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A brief history of politicized health scares, starting with Ebola

Politicians know how scary this looks. (AFP photo/Pascal Guyot)s

It's just weeks before the midterm elections, and the deadliest Ebola outbreak in history has become the latest political football. Americans' risk of infection is still very, very low, but fears of the disease are increasing amid some apparent missteps by the federal government and the Texas hospital where the three U.S. Ebola cases emerged.

Republicans are criticizing the Obama administration for not doing more to keep Ebola from this country. Louisiana Gov. Bobby Jindal was among the first in his party to call for a travel ban. Meanwhile, some on the left have blamed Republican-backed funding cuts for the lack of an Ebola vaccine.

How people view the federal government's handling of a public health crisis often depends on which party controls the White House, as The Upshot points out this morning.

As a Washington Post-ABC News poll earlier in the week found, Republicans are significantly less confident than Democrats in the federal government's ability to prevent an Ebola epidemic in the United States. And revelations last night that the second Dallas nurse infected with Ebola wasn't stopped from flying after reporting her low-grade fever to the CDC plays into critics' questions about the Obama administration's competency.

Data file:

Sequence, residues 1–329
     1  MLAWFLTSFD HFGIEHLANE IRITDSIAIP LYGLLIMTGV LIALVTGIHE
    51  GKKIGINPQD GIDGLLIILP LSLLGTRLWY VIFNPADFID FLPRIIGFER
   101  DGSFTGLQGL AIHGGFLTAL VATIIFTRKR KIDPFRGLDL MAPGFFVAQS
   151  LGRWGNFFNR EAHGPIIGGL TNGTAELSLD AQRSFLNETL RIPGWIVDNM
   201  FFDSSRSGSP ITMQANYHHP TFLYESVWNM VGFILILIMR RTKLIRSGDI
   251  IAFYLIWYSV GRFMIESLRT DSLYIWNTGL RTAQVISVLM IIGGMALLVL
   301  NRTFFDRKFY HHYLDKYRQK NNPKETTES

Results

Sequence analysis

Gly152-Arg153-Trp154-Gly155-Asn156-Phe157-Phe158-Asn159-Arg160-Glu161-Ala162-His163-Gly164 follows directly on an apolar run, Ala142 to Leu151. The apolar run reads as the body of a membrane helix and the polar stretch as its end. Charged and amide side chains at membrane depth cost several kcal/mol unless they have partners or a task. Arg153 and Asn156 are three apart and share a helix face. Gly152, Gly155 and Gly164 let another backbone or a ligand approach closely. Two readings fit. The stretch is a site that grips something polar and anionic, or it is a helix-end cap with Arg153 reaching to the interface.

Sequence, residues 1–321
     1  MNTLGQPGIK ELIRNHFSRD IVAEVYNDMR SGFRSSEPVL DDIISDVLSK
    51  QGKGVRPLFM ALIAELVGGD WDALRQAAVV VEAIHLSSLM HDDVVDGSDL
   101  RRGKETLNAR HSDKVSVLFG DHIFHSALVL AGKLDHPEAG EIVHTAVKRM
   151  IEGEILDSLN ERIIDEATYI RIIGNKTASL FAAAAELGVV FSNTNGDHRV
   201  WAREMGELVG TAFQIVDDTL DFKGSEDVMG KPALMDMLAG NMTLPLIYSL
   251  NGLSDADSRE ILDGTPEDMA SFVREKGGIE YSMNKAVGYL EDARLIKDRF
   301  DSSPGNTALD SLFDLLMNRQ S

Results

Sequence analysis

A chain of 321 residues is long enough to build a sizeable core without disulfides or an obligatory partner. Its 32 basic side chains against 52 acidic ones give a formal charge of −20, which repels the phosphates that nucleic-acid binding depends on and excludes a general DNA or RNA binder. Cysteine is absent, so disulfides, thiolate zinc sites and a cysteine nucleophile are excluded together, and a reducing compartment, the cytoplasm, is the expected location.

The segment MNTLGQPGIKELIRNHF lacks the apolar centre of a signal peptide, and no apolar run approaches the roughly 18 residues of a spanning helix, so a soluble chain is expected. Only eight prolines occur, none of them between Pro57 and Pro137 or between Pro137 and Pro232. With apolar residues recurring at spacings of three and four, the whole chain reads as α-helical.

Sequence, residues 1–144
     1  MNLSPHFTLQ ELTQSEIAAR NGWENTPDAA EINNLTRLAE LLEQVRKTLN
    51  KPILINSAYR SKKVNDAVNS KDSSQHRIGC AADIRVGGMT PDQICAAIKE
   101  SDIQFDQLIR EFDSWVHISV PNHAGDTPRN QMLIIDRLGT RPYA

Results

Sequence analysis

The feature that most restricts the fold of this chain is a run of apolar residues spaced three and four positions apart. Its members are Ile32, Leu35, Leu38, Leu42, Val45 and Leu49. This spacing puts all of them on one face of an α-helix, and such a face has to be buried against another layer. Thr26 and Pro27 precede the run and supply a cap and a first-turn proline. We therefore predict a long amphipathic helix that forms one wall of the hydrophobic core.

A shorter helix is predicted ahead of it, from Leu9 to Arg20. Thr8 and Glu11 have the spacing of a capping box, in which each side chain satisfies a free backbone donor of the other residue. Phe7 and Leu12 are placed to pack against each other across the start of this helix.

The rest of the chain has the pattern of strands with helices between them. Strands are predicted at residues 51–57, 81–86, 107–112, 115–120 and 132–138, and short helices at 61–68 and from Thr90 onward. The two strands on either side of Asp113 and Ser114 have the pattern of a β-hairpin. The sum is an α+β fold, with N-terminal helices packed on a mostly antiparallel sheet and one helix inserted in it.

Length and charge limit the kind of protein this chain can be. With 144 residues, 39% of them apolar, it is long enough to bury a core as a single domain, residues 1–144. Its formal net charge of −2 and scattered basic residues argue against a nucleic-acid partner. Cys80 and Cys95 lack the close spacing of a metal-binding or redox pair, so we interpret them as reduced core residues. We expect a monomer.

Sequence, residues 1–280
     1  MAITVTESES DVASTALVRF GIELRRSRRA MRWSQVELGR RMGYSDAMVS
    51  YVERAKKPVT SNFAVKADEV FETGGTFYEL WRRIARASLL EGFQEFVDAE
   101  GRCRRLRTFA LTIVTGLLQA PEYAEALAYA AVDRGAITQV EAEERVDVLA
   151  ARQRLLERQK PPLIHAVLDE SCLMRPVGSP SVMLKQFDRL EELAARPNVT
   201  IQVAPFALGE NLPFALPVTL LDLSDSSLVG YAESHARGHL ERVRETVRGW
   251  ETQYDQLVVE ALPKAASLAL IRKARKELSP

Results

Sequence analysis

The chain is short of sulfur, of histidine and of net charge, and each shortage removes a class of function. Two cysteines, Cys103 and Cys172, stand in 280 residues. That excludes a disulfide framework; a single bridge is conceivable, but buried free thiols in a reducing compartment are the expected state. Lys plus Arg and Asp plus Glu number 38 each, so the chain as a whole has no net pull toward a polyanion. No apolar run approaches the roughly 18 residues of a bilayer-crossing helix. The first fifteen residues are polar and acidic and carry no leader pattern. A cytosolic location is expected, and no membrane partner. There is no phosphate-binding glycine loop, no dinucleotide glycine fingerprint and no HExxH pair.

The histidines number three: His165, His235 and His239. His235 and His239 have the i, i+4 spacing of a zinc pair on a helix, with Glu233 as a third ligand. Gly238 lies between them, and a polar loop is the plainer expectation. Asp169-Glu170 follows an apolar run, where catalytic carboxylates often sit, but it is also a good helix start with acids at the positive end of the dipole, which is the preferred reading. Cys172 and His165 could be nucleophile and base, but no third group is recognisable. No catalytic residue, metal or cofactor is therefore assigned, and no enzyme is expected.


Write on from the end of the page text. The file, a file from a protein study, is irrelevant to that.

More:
We've seen this pattern before with past health scares.

In 2009, the Obama administration was criticized by Democrats and Republicans for its handling of the swine flu outbreak after reports emerged that Wall Street firms were improperly getting first dibs on vaccines. Opponents of Obama's proposed health reform bill brought this up during the debate in Congress, arguing that the apparent mismanagement of the vaccine program raised doubts about the government's ability to take a greater role in the health-care system.

Ahead of the 2002 mid-term elections, Democrats attacked the Bush administration's response to the 2001 anthrax attacks. And some Democrats accused the administration of using the anthrax scare to build its case for the Iraq war.

So, when fears of a public health outbreak emerge, who should we turn to for reason and calm? For starters, we could all listen to Fox News' Shepard Smith, who put the Ebola risk into proper context Wednesday night.

"Do not listen to the hysterical voices on the radio and the television or read the fear-provoking words online," Smith said in his broadcast.

He added this observation: "In the middle of all this, you have to remember that there is politics in the mix," he said. "With the midterm elections coming, the party in charge needs to appear to be effectively leading. The party out of power needs to show there is a lack of leadership."

And those are your Ebola politics in a nutshell.